Location: Nashville, TN

Job Title: PhD candidate

Education: Vanderbilt University

Degree: PhD (in process)

Kathryn Brewer, GIVEN ’21

Please share a little about yourself – feel free to include a fun fact!

Hi there! I’m Kathryn. I’m currently a PhD candidate in biochemistry at Vanderbilt University. When I’m not in the lab, I can usually be found baking a batch of sourdough bread, singing with my church choir, or catching up with my sweet friends over a cup of coffee. I also write a blog on the intersection of mental health and the spiritual life, which can be found here.

Describe your professional work. How were you led to this? What are you passionate about?

Professionally, I study the molecules of life and how mutations in our genetic code lead to disease by altering how those molecules look and function in the body. Specifically, I study a protein using biochemistry to piece apart how different mutations disrupt its structural stability, and how that disruption impacts the protein’s behavior in the body and leads to this disease. You can think about it like a clock. If you change one element of the clock by, say, putting a screw where a cog should be, or putting a 4 where a 2 should be, the clock doesn’t work correctly. But, the reason why it doesn’t work is different in each case. My job is to figure out what that difference is to get a clearer picture of what sorts of changes can break the clock (or rather, the protein).

I’ve been interested in science since I was little. The science fair was a big deal in my house, and I was always encouraged to be creative and take ownership of my projects. My interest was solidified in high school, where I was encouraged by my biology teacher to consider doing research in college. I followed his advice, fell in love with biochemistry and decided to pursue a PhD. This led me to Vanderbilt, where I’ve been for the past four years.

What are the personal strengths that you’ve been given and how do you utilize them?

I feel like I could go in so many directions with this question, but one of the strengths I have come to appreciate more recently is an ability to make people feel safe, like they are allowed to feel vulnerable with me and share what’s going on in their lives. Even in my secular work environment, there have been several instances where God gave me the grace to minister to someone and provide counsel and love when they needed it. I try to stay open to those moments wherever I can.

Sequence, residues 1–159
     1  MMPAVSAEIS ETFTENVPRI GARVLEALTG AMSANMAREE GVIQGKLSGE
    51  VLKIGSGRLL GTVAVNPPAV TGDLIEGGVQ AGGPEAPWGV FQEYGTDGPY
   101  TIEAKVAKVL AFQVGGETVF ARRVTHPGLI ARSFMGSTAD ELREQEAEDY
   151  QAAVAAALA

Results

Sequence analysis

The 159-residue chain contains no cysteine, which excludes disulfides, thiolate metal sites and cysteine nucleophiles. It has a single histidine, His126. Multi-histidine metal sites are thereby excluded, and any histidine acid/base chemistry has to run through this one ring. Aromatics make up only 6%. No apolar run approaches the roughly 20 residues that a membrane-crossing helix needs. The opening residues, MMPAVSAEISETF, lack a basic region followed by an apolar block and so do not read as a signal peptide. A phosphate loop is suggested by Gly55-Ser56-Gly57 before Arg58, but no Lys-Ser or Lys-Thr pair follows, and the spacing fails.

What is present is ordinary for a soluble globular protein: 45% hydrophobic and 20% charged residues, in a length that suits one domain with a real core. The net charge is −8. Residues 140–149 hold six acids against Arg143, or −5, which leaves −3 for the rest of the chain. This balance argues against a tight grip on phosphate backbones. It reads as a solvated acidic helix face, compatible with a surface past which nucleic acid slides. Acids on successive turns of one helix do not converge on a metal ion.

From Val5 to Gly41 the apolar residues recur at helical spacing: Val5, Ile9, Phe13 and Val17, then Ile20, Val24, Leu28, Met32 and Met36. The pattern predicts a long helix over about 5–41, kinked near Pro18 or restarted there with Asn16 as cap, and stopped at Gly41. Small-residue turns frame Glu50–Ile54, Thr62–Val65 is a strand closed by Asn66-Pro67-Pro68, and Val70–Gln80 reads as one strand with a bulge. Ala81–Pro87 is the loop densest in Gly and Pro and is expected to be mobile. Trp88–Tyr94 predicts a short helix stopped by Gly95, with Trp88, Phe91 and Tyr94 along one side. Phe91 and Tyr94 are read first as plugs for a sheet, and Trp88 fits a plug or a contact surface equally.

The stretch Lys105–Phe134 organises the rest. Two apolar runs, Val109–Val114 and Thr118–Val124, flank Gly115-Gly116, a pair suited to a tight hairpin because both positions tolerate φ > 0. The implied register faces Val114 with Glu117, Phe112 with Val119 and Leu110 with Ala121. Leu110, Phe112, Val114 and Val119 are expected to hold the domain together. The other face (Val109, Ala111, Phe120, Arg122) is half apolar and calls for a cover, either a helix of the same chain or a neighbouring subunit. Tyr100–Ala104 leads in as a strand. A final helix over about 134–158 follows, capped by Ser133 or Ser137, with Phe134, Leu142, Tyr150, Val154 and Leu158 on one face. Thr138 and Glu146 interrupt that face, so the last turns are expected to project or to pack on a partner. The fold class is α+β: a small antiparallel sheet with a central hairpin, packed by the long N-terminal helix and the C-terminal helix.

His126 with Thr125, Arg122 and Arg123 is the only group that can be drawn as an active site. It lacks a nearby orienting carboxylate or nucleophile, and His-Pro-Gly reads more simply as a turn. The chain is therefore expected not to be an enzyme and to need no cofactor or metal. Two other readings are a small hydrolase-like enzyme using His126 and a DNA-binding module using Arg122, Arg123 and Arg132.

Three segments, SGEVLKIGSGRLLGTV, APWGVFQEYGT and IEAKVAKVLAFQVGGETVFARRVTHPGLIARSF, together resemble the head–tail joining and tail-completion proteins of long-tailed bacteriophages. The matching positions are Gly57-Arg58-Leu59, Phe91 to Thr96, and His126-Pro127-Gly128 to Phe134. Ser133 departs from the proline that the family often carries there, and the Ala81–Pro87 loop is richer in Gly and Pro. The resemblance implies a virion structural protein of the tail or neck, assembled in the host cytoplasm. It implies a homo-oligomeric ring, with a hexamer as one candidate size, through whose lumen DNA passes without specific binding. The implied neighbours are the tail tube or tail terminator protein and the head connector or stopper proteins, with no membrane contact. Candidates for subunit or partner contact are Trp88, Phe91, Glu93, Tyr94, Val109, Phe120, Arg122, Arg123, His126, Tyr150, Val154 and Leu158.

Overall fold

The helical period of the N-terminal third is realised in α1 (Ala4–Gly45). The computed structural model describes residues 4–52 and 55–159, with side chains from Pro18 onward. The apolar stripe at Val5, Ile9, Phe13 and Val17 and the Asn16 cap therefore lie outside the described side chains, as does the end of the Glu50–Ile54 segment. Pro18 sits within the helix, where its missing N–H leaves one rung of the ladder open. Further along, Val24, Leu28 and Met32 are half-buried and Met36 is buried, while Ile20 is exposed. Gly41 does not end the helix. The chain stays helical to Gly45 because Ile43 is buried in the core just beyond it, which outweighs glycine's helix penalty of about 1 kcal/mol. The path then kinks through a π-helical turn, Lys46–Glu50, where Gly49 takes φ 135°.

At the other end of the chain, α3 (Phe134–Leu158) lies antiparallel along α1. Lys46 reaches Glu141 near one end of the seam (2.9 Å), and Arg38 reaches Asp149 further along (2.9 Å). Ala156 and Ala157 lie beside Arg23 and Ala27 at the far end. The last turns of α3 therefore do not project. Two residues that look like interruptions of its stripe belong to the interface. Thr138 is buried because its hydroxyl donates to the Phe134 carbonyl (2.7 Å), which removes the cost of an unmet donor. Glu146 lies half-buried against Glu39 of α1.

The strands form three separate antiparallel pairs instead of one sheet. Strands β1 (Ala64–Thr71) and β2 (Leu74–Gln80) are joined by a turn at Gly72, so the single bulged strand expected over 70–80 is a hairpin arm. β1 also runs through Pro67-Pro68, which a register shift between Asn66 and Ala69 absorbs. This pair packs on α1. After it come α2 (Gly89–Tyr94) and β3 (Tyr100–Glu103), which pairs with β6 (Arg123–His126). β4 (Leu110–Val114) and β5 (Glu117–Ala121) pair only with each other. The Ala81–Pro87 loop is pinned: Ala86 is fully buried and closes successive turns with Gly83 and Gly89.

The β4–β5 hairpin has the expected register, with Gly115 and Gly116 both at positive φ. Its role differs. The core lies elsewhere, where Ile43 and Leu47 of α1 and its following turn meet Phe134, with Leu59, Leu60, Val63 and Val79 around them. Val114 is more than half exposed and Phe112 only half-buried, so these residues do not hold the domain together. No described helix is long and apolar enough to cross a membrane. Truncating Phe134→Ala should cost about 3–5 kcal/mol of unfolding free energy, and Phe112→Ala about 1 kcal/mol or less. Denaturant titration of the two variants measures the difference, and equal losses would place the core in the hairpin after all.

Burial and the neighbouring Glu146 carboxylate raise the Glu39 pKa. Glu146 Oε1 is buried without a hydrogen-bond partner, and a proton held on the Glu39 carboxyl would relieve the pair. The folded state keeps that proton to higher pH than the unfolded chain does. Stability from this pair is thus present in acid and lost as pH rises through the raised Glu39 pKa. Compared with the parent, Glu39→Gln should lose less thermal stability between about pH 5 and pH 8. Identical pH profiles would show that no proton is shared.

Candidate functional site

Some of my other personal strengths are in the realms of knowledge and communication, which I use daily in my job both in conducting science and in discussions with colleagues as well as non-scientists. These strengths are also pivotal in my writing projects, particularly my blog, where I try to synthesize the complexity of my interior life to make it fruitful for readers. I hope to go into science communication after I graduate, and to continue to use these gifts in some form of ministry throughout my life, whether it be through writing, speaking, or organizing small groups. Who knows? We’ll see how the Lord wants to use them!

What women inspire you, and why?

I continue to be inspired by the incredible women that surround me and that I’m happy to call my friends. There’s fellow 2021 cohort member, Mindy Edgington, a prayer warrior who’s always mission driven and never one to back down, even when it’s uncomfortable. There are all of my girlfriends in Nashville, some who are Catholic and some who are not, but who all genuinely striving after God, faithful, and steadfast friends, particularly my best friend Jennie Shuman, who once drove an hour and a half out of town to come pick me up after a break up. These women are my living examples of faith, and I am so grateful to be in their lives.

When it comes to the saints, I have recently been feeling a draw towards wives and mothers, women who lived their faith in the quiet of everyday lives and lived their vocations to the full. Our Mother, Mary, and St. Zelie Martin, mother to my confirmation saint Therese of Lisieux, immediately come to mind. I hope to live out my own vocation and calling as faithfully as they did theirs.

Are there friends and mentors that you depend upon? How do they support you?

I’m so glad I get another question to talk about my friends! I can always count on Mindy to invigorate me and inspire me to do big things. She’s someone I talk to about big dreams and commiserate with about the challenges of living a Christian life. Jennie is my confidant and wise counsel, who is always ready and willing to encourage and correct thought patterns that don’t align with God. And there are so many others with whom I find encouragement just in living life together and in sharing a common faith.

My GIVEN mentor Dr. Myma Albayda has been such a blessing over this past year. She has walked with me through a season of big changes and clarification, providing wisdom, guidance, and unceasing prayer that has been invaluable to me.